I don’t think I am capable of explaining in mere words exactly what “elegance in film-making” means. Atom Egoyan’s film Chloe puts that task just beyond my reach. There are moments that take my breath away. There are moments that grip my heart. There are moments that are so openly, maturely erotic that I find myself aroused in a way that I have not recently expected to be aroused. And there are moments where the unexpected pain of being human and loving another and then suddenly finding yourself alone in an empty room is so clearly articulated as to change the very way I relate to others.
At the core of most of these moments is Julianne Moore. She plays Catherine Stewart, an OB-GYN living a very successful life, who suspects that her husband is being unfaithful. She hires a very attractive and young call girl named Chloe, played by Amanda Seyfried, to tempt her husband in order to find out if he is inclined toward wandering. She knows he is inclined toward flirting, but she wants to find out if he would act on what seems to be the proposal in his behavior.
By no means is this how an average person would react. But imagine for a minute that you have plenty of money, have been married for sixteen years, your husband is Liam Neeson and your sex life has been dwindling over the last five years or so. And you also have a seventeen year old son who is angry at you all the time but appears to be exploring his own sexuality with more freedom and innocent joy than you would ever allow yourself.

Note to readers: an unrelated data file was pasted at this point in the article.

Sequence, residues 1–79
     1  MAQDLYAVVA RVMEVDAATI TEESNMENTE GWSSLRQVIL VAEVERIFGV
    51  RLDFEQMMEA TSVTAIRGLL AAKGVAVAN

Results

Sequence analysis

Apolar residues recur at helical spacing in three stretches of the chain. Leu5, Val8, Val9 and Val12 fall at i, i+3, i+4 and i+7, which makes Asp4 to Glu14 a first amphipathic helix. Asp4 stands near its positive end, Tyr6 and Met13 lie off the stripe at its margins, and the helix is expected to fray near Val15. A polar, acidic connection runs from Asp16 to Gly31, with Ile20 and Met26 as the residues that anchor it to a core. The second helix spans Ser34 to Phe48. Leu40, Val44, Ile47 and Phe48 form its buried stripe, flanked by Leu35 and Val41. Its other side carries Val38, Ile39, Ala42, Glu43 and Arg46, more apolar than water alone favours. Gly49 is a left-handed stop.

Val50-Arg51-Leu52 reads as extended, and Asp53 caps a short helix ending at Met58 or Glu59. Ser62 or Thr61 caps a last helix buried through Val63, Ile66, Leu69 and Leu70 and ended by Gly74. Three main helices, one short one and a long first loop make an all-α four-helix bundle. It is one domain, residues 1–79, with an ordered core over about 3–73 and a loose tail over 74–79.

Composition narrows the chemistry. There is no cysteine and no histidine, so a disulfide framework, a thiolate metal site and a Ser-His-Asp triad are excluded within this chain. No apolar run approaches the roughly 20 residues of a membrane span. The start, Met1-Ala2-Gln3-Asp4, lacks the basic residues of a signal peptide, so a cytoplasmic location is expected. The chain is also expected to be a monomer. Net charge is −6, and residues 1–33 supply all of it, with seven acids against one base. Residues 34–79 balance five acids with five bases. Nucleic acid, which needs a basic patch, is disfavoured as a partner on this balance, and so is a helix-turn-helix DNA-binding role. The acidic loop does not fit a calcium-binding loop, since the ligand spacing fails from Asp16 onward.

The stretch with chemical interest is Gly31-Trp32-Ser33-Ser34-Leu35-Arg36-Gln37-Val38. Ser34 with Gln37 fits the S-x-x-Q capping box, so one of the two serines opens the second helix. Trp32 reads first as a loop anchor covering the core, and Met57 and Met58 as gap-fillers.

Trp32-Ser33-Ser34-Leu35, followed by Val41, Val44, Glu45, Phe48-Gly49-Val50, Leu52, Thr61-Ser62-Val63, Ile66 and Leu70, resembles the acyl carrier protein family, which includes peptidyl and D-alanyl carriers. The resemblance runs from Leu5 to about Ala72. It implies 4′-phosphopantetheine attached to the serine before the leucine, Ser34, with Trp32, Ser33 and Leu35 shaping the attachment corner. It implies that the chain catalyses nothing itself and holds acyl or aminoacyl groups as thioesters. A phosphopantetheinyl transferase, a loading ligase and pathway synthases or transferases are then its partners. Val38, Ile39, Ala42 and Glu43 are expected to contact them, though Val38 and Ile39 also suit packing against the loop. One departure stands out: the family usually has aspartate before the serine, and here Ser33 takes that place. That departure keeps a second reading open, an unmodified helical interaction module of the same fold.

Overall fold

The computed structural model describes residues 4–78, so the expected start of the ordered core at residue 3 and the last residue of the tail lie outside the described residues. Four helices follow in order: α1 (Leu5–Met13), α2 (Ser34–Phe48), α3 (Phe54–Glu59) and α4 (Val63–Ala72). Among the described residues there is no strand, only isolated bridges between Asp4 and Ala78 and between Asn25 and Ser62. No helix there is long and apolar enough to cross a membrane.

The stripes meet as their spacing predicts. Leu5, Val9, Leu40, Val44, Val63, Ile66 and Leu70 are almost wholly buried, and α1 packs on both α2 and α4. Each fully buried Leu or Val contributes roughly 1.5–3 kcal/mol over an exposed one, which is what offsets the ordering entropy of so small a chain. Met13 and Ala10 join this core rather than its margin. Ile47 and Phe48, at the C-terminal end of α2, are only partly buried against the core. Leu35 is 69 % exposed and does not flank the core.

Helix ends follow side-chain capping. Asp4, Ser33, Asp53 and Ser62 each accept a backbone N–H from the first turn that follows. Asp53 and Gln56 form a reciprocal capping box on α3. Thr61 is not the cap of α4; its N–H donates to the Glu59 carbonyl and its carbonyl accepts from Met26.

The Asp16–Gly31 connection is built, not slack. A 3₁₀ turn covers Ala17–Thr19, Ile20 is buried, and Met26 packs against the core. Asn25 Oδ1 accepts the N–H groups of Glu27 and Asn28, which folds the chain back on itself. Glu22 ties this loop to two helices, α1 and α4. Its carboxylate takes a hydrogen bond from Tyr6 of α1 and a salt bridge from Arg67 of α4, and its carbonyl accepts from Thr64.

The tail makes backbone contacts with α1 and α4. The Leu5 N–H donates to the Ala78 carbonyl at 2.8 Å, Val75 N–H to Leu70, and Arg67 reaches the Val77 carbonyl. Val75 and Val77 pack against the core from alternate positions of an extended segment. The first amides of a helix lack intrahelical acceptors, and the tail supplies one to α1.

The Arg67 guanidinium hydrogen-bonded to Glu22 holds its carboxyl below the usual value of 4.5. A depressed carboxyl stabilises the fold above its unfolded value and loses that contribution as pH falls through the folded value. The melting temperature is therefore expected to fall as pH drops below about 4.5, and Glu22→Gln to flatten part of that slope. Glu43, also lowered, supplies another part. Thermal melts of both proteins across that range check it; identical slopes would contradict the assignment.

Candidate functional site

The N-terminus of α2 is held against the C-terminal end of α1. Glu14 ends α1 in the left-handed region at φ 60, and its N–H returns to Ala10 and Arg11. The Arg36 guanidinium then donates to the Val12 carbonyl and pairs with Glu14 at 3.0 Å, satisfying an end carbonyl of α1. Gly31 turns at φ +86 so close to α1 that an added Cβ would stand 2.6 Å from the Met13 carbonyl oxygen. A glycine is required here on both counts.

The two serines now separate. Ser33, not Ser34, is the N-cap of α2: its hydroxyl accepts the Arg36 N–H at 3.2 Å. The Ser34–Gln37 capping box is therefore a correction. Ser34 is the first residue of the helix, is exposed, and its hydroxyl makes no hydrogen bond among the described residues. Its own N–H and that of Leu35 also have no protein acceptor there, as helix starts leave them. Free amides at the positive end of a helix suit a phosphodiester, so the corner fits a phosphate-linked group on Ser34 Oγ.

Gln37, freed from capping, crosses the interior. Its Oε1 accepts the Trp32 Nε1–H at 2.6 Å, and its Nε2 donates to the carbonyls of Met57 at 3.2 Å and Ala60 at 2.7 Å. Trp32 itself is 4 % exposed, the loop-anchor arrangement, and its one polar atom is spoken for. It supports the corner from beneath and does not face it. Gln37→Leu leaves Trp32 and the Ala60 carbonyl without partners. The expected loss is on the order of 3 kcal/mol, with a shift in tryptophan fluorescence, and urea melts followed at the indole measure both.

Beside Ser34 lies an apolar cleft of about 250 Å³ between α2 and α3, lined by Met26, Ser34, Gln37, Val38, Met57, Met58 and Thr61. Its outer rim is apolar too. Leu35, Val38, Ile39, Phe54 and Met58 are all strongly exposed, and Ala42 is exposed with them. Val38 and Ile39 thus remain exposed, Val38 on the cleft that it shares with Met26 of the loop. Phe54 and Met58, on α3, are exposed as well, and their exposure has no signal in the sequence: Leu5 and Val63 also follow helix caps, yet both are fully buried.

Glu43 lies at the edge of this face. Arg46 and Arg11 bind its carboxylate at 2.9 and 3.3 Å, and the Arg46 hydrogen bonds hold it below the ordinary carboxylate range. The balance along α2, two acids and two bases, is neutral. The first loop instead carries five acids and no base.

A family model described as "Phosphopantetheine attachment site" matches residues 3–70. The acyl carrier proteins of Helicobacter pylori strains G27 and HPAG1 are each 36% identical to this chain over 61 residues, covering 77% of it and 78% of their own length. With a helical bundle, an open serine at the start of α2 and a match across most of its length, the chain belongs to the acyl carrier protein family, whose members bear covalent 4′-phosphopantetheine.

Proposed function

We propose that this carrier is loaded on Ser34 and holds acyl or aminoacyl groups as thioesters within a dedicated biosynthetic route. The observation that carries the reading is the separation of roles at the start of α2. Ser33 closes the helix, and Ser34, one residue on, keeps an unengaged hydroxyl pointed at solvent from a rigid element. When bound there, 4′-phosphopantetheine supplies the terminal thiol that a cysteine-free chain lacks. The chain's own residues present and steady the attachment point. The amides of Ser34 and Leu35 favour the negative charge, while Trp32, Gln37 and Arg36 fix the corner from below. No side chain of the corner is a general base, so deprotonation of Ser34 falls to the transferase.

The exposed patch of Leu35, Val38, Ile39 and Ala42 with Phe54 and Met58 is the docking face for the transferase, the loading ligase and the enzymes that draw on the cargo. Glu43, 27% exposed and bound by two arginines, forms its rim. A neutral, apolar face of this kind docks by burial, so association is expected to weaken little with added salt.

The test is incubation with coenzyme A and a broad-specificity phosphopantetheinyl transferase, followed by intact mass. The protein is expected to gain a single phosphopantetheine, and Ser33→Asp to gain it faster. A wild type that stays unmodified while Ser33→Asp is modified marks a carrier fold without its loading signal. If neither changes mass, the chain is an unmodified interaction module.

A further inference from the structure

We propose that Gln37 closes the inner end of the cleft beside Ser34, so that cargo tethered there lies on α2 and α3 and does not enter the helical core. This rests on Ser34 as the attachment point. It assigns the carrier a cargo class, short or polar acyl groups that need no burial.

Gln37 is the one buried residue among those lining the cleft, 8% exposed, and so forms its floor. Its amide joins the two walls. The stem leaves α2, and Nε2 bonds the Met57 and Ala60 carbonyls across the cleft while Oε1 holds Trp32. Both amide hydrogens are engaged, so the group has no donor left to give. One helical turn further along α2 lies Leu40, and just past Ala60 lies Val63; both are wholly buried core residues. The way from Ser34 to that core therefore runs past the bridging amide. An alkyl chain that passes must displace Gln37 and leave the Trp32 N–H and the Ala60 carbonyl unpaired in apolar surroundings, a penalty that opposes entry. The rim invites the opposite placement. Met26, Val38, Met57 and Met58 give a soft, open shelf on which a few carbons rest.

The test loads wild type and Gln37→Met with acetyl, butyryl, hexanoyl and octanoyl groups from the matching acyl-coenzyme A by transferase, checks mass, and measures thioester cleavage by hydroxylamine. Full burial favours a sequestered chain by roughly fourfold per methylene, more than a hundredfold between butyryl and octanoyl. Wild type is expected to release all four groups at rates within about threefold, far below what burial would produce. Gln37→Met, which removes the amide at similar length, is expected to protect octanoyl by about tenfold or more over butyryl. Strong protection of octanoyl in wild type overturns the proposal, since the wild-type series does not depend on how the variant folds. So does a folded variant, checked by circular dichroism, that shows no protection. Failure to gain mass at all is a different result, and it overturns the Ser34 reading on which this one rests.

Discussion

But Moore’s performance has such a serious edge of truth to it; she bends her anguish to the service of her rationality and need to be fair, she steps off the precipice and into the free fall of passion that she has denied herself for so long and she does it all with such intelligence and determination that you are willing to follow her, grateful to have been graced by her presence.
She is the source of the elegance. Egoyan’s script, his camera, the music and his editing recognize that, embrace it and celebrate it.
Chloe is currently showing at the Downer Theatre. For tickets and showtimes, click here.